Financial institutions also have their roles to support the responsibilities of industry-leading companies. Although an unexpected area to consider sustainability, banks are capable of incentivising change through loans and project funds.
Following the release of its updated sustainability strategy, Building New Futures, Balfour Beatty has secured an agreement to convert £375mn of its revolving credit facility—which allows the firms to withdraw funds that have been repaid as part of the loan amount—to a sustainability-linked loan. The terms of the loan require Balfour to provide proof of annual performance improvement of its carbon emissions, social value generation, and an independent environmental, social and governance (ESG) rating, regulated by an ESG research company, Sustainalytics.
The company’s Chief Financial Officer, Phil Harrison discusses Balfour’s long-term commitment to sustainability through the loan. ‘Balfour Beatty has long been at the forefront of sustainability in the construction sector, with clear targets and ambitions as set out in the company’s Group Sustainability Strategy. We are delighted to further demonstrate our commitment [through] this new sustainability linked loan. [...] We appreciate the support of our international bank group and the confidence this commitment reflects in Balfour Beatty’.
Lloyd’s Bank has also commented on the role of finance in the agreement. We’re proud to have worked with Balfour Beatty’s international bank group to fund and co-ordinate the largest sustainability linked loan in the UK construction industry’, says Max Jones, Infrastructure and Construction Director.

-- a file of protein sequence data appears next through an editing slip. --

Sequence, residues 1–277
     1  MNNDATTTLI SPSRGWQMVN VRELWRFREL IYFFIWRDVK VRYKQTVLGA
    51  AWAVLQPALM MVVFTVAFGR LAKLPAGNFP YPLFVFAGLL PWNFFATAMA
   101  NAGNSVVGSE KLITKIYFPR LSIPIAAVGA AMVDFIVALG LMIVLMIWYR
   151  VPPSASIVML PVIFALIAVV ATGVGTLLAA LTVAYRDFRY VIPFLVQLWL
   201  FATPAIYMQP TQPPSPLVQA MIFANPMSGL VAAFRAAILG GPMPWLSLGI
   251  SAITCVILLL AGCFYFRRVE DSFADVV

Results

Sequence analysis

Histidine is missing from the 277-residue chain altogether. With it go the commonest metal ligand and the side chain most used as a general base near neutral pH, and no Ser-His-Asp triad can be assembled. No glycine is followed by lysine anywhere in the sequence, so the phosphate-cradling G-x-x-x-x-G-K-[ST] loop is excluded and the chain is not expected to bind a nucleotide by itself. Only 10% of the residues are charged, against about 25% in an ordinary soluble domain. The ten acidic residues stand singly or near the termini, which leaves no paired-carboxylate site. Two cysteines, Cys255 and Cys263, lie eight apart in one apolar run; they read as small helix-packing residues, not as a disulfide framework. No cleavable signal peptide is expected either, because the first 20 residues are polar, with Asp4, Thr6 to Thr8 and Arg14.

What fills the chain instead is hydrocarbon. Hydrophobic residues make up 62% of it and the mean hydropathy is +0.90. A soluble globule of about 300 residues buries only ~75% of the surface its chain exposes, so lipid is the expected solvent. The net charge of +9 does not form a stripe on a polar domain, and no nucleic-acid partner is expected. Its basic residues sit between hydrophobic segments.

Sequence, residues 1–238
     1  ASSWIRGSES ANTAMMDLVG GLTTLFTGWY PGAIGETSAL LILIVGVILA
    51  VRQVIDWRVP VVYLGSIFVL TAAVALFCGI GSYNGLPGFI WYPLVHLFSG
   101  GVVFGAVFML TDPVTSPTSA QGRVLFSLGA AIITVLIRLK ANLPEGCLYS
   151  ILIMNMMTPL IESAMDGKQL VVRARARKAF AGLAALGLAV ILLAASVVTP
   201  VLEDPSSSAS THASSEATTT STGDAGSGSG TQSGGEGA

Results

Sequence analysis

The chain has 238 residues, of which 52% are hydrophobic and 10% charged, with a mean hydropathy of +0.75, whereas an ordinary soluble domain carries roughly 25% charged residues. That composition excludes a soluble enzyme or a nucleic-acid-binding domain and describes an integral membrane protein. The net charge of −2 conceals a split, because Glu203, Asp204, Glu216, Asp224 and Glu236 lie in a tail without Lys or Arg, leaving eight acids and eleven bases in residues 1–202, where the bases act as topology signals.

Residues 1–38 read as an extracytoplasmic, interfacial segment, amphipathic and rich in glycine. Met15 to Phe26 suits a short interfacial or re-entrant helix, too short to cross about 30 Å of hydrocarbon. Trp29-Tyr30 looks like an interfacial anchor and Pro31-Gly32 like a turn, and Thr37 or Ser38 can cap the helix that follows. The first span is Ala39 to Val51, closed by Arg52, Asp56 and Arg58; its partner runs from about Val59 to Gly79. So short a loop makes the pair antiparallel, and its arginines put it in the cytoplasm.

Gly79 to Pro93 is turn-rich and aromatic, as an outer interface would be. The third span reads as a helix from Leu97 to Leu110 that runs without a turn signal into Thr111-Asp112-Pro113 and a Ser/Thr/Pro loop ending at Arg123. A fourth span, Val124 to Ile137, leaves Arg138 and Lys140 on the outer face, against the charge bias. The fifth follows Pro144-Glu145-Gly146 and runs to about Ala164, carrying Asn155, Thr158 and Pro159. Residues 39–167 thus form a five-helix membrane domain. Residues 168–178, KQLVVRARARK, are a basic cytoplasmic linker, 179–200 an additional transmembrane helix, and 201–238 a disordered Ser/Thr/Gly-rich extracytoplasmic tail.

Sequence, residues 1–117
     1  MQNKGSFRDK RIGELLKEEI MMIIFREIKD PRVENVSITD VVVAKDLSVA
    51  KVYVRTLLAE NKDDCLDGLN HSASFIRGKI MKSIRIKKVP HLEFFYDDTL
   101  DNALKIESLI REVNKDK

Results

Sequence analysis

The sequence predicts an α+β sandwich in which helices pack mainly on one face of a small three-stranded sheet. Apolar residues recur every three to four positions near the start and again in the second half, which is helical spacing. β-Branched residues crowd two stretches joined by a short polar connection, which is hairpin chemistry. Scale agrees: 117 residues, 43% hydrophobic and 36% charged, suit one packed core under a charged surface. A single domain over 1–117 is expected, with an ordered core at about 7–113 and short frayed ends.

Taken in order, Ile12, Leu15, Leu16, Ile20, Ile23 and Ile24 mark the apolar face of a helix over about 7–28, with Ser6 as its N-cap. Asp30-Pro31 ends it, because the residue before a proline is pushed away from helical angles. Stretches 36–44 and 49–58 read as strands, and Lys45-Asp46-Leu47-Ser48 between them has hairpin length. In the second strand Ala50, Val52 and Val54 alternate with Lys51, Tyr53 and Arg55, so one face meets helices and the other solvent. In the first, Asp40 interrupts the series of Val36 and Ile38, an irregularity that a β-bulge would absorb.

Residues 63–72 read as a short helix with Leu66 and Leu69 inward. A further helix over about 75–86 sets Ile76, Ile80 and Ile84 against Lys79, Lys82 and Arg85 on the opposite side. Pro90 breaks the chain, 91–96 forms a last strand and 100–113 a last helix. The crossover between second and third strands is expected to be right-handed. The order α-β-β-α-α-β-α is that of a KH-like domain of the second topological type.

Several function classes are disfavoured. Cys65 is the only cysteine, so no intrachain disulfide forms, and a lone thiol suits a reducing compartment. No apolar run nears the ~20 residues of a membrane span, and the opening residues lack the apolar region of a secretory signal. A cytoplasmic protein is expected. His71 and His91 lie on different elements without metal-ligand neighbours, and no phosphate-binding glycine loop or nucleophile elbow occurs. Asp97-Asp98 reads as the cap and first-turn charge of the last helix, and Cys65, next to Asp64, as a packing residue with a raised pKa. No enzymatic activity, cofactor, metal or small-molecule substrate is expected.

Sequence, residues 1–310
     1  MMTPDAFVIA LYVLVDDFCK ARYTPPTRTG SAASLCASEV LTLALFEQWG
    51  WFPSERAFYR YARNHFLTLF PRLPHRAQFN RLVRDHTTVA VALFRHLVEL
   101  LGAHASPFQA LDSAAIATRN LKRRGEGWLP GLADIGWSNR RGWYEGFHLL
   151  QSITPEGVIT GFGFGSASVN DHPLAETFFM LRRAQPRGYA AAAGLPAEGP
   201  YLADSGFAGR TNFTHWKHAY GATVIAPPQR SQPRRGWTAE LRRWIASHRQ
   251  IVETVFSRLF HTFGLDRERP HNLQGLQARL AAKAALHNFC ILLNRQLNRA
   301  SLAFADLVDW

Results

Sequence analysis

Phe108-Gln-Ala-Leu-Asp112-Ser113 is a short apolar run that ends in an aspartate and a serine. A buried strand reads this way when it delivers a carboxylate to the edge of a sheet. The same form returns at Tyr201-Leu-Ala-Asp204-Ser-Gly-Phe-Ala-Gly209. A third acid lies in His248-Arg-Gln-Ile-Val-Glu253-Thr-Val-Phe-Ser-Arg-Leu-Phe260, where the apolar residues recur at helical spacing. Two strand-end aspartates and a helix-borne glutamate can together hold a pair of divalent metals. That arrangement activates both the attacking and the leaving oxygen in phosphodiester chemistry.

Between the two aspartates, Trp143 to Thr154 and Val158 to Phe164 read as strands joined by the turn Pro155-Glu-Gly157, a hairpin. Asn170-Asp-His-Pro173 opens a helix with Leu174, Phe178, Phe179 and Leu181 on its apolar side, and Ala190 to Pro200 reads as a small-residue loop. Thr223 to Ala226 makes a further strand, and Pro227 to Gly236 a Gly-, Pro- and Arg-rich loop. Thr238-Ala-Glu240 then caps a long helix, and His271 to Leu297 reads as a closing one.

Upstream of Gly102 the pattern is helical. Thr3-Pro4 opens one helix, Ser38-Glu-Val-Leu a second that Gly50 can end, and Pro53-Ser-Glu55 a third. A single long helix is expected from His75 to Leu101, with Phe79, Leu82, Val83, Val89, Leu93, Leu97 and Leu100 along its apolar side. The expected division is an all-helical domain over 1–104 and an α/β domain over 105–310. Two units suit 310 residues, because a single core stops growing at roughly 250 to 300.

‘With the sector’s drive to becoming more sustainable, critical to the UK’s net-zero ambition, this is an important development for the industry as a whole. Acting as the sole Sustainability Coordinator and the Facility Agent signals our commitment to the industry and our support for Balfour Beatty to reach its ESG goals’.
Balfour Beatty’s ESG progress
Balfour’s sustainability strategy highlights the company’s ambitious goals to build carbon neutrality into its business and go beyond this to become carbon negative. The business will also focus on mitigating commercial waste, with its 2030 target to reduce 40% of its waste.
In terms of social development, the organisation is implementing processes to generate £3bn of social value by 2030, through teaching in the UK, creating jobs in the US and encouraging wellness in Hong Kong as a joint venture with Gammon—a Hong Kong construction company.
For more sustainability insights, check out the latest issue of Sustainability Magazine.